It all seemed promising, so I went ahead and started building out a minimum viable product. In our case, that was just a list of games that you could select from and the ability to add and join events. The biggest steps along the way were adding location filtering and the player finder system, both of which still need work, but are making leaps and bounds.

I’d really like to see BoardGameNetwork get people together in the real world and away from social networks. I feel that one of the real strengths of board games is that direct human contact – you’re meeting people for real and you get to know them over games. The feedback for the site has been very positive so far. Everyone loves the idea and the challenge is really in getting the implementation right. Our focus at the moment is really adding critical features and growing our user base in Dublin. When we’ve started really seeing the service self-sustain in Dublin, we plan to start expanding out.

There are lots of similarities between my time with BoardGameNetwork and my tech career at Hubspot, although the challenges and scope are different. Leading a team, as I did at Hubspot, means dividing your attention and making tough calls on priorities and direction. That’s very similar to running your own business. I really enjoy those aspects of both business and leadership, which is good because there are a lot of those decisions to be made.

The day to day work, though, is quite different. I work better in a team environment and founding your own company can be a lonely endeavour. There’s nowhere to hide as a founder. I’ve had help along the way from friends, but most of the time, it’s just me and that can be tough when things don’t go as planned.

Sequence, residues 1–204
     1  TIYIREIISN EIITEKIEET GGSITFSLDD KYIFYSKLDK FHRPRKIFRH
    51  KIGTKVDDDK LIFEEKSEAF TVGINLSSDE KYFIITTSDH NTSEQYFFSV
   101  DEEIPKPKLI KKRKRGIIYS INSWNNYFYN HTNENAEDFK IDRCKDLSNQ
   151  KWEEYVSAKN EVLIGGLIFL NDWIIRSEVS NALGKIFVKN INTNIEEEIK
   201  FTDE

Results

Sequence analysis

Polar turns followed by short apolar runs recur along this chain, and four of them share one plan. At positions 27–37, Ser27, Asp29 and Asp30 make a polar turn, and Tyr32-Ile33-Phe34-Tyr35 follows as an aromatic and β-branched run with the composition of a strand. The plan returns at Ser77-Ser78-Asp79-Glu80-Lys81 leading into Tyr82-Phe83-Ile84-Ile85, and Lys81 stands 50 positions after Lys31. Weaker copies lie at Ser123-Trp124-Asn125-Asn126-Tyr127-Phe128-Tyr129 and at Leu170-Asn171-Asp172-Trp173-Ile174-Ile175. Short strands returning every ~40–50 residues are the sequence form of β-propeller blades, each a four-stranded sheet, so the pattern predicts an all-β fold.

However, I think the experience has been a benefit to my tech career. It’s brought me back to a self-reliant attitude I had early in my career. Knowing the rough edges of problems, even if you don’t know the full solution, can be of real benefit as an engineer and when you’re alone or in a small team, you have to be able to solve any problem that crops up. There’s nothing like improving efficiency as a developer than knowing that the time you’re spending on a problem is your own.

My advice to anyone looking to create their own networking website is to do research early and often. Run every decision by someone who you think will benefit from it. Avoid the temptation to build for yourself and focus on the features that people want. Try to build a core user group early and build the things that that group wants until they are converts.

I also think it’s really important that technologists talk about our lives outside of our work. I think as a group, programmers and engineers are maligned as uninteresting, but I’ve never found that to be the case. I think it can only be good to share our hobbies and past times.


You can check out BoardGameNetwork and make great new connections through the following link: